Research uncovers new threat from harmful algae

Mar 03, 2011

Harmful algae could be producing substances which affect reproduction in organisms with similar genetic characteristics as humans according to groundbreaking new research.

A scientist from the University of Plymouth has discovered that algae release substances which interfere with the activity of reproductive hormones in some fish.

Dr. Ted Henry, an ecotoxicologist at the University, has established that toxic contain substances other than toxins which pose unexpected environmental risks.

Although it has long been recognized by experts that algae produce toxins with harmful effects, this is the first time research has shown that other substances with potential to disrupt the endocrine system – glands which release hormones into the bloodstream to regulate the body – may also be present. Scientists had previously believed those changes were caused by human-made pollutants in water.

During controlled tests, Emily Rogers, a PhD student supervised by Dr. Henry, found that zebrafish – a model organism used in laboratory experiments – exhibited responses consistent with endocrine disruption when fish were exposed to the toxic algae Microcystis, leading to the conclusion that the algae were producing as-yet unidentified substances with estrogenic properties.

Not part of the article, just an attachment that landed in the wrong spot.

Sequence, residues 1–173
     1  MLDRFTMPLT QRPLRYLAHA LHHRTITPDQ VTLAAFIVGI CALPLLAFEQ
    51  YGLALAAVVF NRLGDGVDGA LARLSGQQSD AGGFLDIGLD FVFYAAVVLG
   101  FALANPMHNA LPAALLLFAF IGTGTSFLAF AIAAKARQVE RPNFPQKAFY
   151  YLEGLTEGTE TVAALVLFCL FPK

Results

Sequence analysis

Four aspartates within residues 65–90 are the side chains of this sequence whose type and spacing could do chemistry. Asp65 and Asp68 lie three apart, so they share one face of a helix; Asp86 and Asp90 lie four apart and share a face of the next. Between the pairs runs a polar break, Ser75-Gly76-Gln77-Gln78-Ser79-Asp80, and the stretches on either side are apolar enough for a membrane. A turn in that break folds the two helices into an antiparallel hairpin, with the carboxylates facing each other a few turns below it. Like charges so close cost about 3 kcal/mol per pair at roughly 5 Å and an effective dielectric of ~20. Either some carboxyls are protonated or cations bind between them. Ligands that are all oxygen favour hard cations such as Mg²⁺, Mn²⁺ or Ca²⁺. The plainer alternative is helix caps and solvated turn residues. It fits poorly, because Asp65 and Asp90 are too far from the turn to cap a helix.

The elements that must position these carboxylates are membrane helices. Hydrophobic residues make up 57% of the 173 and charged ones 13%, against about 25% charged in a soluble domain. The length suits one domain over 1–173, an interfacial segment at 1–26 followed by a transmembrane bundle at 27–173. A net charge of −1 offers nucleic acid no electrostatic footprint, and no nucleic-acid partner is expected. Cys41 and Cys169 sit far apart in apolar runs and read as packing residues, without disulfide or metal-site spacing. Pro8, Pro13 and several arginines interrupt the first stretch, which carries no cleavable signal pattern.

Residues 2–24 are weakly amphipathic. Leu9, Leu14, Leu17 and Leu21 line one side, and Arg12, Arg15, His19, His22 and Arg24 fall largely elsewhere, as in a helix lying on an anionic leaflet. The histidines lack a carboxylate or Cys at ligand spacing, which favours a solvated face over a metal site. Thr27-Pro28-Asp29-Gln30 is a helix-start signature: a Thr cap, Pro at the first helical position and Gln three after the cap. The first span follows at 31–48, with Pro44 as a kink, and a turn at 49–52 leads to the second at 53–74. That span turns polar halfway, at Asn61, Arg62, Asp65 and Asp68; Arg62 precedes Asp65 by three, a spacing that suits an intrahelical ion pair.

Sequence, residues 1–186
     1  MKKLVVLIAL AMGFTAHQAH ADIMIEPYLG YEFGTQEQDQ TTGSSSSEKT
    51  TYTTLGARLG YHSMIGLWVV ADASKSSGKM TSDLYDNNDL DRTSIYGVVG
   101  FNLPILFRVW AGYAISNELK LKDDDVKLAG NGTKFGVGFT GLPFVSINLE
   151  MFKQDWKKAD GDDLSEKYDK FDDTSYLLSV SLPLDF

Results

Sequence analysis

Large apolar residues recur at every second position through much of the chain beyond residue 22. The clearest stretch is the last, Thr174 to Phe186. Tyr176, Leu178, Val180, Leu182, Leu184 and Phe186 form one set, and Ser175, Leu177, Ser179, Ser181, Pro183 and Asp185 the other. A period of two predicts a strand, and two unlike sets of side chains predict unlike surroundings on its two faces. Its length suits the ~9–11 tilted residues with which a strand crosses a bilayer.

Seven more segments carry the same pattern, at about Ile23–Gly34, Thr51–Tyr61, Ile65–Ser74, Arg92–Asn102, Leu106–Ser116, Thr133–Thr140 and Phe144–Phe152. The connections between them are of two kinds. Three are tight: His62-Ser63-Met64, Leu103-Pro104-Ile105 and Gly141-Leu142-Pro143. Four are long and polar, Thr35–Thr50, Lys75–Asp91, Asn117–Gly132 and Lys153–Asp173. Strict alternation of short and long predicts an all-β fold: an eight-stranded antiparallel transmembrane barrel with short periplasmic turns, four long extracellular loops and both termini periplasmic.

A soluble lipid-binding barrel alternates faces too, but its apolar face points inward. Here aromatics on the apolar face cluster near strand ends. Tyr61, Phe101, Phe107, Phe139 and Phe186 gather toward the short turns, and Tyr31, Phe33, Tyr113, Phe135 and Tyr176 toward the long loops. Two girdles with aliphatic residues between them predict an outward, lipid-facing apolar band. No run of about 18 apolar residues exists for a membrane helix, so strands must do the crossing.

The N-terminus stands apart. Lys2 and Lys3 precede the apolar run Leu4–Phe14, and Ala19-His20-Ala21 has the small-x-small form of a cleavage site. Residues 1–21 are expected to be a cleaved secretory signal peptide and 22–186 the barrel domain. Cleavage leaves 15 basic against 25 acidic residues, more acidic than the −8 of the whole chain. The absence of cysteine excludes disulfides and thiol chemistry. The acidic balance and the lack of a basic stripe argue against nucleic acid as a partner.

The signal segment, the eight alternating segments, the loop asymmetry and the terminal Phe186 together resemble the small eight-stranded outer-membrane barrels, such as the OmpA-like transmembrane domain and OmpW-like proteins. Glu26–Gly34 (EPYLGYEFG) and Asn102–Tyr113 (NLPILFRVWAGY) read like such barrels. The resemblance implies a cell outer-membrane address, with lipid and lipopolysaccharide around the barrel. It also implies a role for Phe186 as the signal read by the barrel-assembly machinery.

The study suggests that algae, although a naturally occurring substance, could contribute to observations of reproductive system dysfunction in wild fish.

It isn’t clear yet whether the chemical, which has yet to be isolated or named, might be affecting other fish species, animals or even humans.

Dr. Henry said: “More work needs to be done to establish under what conditions the produces these substances and how dangerous they are.

“The results do indicate that toxic algal blooms may be producing substances with estrogenic properties which affect hormones.

“Environmental estrogens are a concern because they could cause feminization of fish and alter behaviors such as reproduction and courtship, ultimately leading to population declines.

“Most current strategies for managing toxic algal blooms focus on the , but this research means environmental regulatory agencies may now need to monitor these new substances.”

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Provided by University of Plymouth

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